There are 24 licensed abattoirs supervised by PrimeSafe with a further 17 licensed abattoirs supervised by the Australian Quarantine and Inspection Service in Victoria. Five are located in metropolitan Melbourne, while the rest are spread across rural and regional centres including Cobram, Warrnambool, Bairnsdale and Colac.
Victoria's Beef and Veal Production
Victoria's beef cattle industry generally supplies smaller, younger animals for the domestic market and higher quality stock for the Japanese market. The volume and value of beef and veal produced in Victoria is largely affected by seasonal conditions, domestic and foreign demand and input prices. These factors influence farmers' decisions on beef cattle stocking rates relative to sheep and lamb stocking rates and saleyard throughput – thus influencing the numbers of adult cattle and calves slaughtered and the amount of beef and veal produced.
Since December 2008, the number of cattle and calves slaughtered has dropped by about 598,000 (28 per cent), with the number slaughtered falling from 2.13 million in 2008 to 1.54 million head for the year ending December 20117. This partly reflects better seasonal conditions and improved prospects for the beef cattle and dairy industries into 2011-12, which increased the focus on herd rebuilding.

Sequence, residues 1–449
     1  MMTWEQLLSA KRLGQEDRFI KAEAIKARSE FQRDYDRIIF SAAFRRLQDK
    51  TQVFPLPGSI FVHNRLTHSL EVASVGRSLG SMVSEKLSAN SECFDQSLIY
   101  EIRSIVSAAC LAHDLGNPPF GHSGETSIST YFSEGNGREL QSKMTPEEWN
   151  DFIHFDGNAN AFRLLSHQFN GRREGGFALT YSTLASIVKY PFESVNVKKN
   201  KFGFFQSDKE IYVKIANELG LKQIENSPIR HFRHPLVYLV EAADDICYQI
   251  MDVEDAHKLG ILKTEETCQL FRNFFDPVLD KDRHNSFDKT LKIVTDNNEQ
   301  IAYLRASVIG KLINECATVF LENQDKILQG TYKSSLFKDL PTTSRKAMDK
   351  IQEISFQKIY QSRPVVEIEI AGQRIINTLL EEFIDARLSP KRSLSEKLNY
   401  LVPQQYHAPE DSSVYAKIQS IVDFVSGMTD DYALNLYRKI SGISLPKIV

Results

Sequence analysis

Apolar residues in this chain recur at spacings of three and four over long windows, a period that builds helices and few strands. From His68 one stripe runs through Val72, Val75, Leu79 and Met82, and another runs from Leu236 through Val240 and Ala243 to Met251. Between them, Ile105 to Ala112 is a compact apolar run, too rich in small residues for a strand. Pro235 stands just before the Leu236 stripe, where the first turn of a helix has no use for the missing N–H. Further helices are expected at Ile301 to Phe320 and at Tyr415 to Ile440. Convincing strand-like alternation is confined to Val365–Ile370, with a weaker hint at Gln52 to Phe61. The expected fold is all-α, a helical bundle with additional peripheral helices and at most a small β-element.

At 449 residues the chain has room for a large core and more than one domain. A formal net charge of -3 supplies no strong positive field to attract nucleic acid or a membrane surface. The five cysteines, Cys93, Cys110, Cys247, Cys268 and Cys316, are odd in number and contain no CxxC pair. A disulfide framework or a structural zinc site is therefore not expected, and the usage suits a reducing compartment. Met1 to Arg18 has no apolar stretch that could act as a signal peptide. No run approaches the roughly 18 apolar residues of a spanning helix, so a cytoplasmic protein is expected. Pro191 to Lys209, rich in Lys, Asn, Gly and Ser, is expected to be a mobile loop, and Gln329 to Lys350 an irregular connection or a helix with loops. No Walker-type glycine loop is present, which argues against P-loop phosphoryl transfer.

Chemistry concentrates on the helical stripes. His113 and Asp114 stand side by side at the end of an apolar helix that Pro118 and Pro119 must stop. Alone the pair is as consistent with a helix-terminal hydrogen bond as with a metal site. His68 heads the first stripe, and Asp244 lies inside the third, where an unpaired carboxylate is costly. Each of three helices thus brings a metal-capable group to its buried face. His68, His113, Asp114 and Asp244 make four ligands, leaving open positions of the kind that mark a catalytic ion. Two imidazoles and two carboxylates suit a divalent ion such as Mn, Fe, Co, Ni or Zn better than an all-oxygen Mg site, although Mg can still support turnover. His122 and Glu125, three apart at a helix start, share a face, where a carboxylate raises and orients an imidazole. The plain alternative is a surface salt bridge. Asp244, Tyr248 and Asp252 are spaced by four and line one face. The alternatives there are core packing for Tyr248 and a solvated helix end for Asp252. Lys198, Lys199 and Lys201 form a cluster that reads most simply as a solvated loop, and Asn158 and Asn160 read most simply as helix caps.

Between December 2008 and December 2011, beef and veal meat production for Victoria declined by 70,714 tonnes or 17.4 per cent .
With grain finishing becoming a more common tool for improving feed efficiency and productivity across the Australian supply chain, the number of Victorian cattle in feedlots has increased. According to Meat and Livestock Australia the grain fed percentage of total slaughterings in Victoria is expected to increase to 31 per cent by 20218.
Average animal slaughter weights have increased over time, rising by 21.8 per cent since 1995. The average carcass weight of a slaughtered animal in Victoria for the year ending December 2011 was 265.4 kg an increase of 1.7 per cent on the end of December 20119.
Figure 2 – Beef Cattle Numbers (Victoria) – years ending 30 June
Source: ABS, Historical Agriculture Commodities 1861-2009, (cat. no. 7124.0); ABS, Agricultural Commodities, Australia (cat. no. 7121.0) and ABS, Principal Agricultural Commodities, Australia, Preliminary, 2010-11 (cat no 7111.8).
Domestic Demand and Exports of Victoria's Beef Products
The domestic market for beef is driven by consumer preferences, competition with other protein sources (e.g. poultry meat) and price. Despite competition from cheaper meats, beef consumption has remained relatively steady since the mid 1980's, with per capita consumption in the range of 32-40 kg per year. In 2010-11, beef and veal consumption comprised around one third of meat consumed in Australia with approximately 33 kg per capita being consumed out of a total of 104.8 kilograms of meat consumed.